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In the Journal, Delacroix describes his method to get the best of both worlds- the dynamism of the initial sketch heightened with the accuracy and understanding of natural phenomena necessary to carry a larger piece to completion. So to begin with, Delacroix would choose a theme to activate his imagination. This was the “visioning” process. Next, he would then sketch freely and spontaneously, not concerning himself with accuracy but with the emotionally charged interplay of figure, objects and space.  After rendering multiple sketches based on his subject, he would select a sketch that contained all the elements that he was searching for. He would then take this sketch and place a sheet of tracing paper over it. Next came the process of “refining”. Using the tracing paper on top, he would re-work the figure and bring it into context, taking exaggerations and inaccuracies and bring them into a harmonized relationship that reflected nature. If he was not satisfied with the re-visioning of the figure, he was in a position to begin again from the initial sketch.

I found this process surprisingly easy to do. When one draws from one’s memory, one is apt to exaggerate the action to try to elicit an emotional response. This is a necessary step and is key to amplifying the image. But it also needs to be tempered by truthfulness to nature. By containing some of the energy through refining the drawing, one actually allows the figure to hold some of that exaggerated energy within. By holding power in reserve, one adds force to the image that is not obvious. It is analogous to a ‘boiling pot with the lid on’. And this is what you want- not all the energy spilled out at once, but seething just below the surface. Delacroix’s ‘Jacob Wrestling the Angel’ is the culmination of years of practice in this method.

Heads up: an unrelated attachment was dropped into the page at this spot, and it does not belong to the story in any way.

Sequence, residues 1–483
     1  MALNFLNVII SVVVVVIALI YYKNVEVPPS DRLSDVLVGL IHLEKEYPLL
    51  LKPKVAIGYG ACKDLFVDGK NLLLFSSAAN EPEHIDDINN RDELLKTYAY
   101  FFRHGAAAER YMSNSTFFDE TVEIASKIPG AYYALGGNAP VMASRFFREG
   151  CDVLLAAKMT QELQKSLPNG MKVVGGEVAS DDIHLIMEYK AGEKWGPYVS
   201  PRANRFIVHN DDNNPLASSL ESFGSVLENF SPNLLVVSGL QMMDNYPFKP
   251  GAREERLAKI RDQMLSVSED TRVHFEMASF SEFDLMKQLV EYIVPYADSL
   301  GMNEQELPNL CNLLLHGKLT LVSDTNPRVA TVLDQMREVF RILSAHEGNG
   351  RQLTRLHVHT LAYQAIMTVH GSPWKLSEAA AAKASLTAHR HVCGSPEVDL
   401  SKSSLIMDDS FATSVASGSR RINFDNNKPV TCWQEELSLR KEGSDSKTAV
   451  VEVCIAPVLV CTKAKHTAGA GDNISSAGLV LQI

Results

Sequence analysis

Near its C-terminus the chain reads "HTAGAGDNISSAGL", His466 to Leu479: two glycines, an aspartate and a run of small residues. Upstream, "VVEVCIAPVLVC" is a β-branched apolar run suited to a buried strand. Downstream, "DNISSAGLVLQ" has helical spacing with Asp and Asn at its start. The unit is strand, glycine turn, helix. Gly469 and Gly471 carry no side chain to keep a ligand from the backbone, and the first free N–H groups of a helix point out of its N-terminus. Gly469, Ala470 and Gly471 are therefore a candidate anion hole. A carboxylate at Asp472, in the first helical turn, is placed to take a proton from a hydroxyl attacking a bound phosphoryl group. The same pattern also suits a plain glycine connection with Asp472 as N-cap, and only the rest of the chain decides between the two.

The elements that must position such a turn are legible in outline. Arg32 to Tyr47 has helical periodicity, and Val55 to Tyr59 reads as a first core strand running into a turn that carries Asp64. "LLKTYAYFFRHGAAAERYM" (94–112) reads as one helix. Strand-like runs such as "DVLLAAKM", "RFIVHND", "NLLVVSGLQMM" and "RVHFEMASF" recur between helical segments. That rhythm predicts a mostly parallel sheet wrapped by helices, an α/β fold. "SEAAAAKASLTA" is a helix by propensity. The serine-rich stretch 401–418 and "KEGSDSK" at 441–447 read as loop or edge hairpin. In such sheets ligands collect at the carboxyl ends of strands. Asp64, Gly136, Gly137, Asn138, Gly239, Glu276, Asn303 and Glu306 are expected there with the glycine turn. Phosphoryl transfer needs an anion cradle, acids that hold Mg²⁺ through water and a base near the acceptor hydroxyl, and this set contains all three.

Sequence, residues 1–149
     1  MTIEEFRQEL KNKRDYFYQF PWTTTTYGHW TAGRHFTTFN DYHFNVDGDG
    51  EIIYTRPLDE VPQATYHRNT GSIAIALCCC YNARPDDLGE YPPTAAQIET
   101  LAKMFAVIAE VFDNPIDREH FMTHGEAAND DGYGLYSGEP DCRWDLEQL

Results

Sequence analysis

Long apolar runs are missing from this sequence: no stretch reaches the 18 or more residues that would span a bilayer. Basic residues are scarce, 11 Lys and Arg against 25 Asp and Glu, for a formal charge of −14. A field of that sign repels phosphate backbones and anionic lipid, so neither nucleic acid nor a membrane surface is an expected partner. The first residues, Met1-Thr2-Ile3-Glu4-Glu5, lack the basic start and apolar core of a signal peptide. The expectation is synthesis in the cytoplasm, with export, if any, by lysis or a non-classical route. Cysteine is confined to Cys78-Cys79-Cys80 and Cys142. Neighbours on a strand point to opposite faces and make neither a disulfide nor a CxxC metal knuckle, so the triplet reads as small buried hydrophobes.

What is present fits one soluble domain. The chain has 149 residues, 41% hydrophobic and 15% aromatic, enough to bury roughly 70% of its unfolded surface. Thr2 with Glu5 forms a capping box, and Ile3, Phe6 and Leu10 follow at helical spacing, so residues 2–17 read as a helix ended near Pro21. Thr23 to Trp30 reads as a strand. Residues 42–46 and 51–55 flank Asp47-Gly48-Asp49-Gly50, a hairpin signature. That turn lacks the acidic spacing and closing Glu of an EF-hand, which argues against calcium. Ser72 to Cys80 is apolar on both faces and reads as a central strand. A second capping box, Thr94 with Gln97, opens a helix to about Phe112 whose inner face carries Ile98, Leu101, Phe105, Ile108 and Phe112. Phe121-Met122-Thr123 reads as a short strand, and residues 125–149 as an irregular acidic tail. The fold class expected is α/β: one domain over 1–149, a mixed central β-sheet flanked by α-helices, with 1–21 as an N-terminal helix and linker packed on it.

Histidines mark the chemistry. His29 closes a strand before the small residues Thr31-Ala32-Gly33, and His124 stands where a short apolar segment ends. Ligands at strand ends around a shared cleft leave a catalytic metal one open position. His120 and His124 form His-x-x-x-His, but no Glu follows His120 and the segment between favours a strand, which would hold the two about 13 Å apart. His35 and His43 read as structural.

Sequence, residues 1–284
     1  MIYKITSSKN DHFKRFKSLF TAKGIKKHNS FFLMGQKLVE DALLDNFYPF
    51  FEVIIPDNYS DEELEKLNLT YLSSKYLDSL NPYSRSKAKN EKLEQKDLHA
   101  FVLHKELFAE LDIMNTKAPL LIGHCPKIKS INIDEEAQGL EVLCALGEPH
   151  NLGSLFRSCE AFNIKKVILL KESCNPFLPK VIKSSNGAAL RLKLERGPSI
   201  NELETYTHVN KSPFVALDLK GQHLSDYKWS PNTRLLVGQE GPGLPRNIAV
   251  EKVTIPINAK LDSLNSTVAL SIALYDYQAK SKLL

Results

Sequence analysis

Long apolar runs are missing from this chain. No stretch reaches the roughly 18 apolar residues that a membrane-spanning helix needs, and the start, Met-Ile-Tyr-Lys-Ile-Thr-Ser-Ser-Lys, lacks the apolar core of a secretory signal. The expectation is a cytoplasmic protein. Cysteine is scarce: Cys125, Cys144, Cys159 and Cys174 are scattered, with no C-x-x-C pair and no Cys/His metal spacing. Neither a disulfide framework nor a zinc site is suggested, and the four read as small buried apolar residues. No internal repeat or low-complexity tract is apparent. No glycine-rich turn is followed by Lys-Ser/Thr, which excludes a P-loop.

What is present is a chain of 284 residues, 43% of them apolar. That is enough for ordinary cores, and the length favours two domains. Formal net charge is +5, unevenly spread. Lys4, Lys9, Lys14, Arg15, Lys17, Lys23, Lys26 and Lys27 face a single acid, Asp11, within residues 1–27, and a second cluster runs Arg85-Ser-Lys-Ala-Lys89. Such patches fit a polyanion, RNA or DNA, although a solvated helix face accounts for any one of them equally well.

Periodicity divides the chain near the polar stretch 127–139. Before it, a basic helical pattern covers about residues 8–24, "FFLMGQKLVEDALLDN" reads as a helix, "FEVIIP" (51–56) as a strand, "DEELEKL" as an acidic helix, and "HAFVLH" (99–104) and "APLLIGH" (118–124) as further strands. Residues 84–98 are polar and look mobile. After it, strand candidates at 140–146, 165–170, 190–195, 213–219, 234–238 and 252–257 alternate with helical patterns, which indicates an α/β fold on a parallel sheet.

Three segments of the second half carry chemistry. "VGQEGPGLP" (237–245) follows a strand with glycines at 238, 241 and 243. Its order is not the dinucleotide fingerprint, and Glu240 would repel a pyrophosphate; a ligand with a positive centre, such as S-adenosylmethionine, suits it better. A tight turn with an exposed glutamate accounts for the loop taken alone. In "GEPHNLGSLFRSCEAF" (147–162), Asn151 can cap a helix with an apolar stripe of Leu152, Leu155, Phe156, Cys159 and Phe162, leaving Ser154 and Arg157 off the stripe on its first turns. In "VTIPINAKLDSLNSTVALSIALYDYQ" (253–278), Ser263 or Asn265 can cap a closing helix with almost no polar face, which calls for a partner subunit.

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The images in this blog post follow Delacroix’s practice. The red sketch is the initial rapid drawing. The green sketch is on the tracing paper. You can see how I tempered some of my exaggerations and redefined the drawing. In the last image, I have placed my tracing paper on the canvas to align it with the rabatment lines to give it extra force and a relationship to the outside edges of the canvas. One could then transfer it, but I tend to redraw in paint as this is a more fluid method for me to work.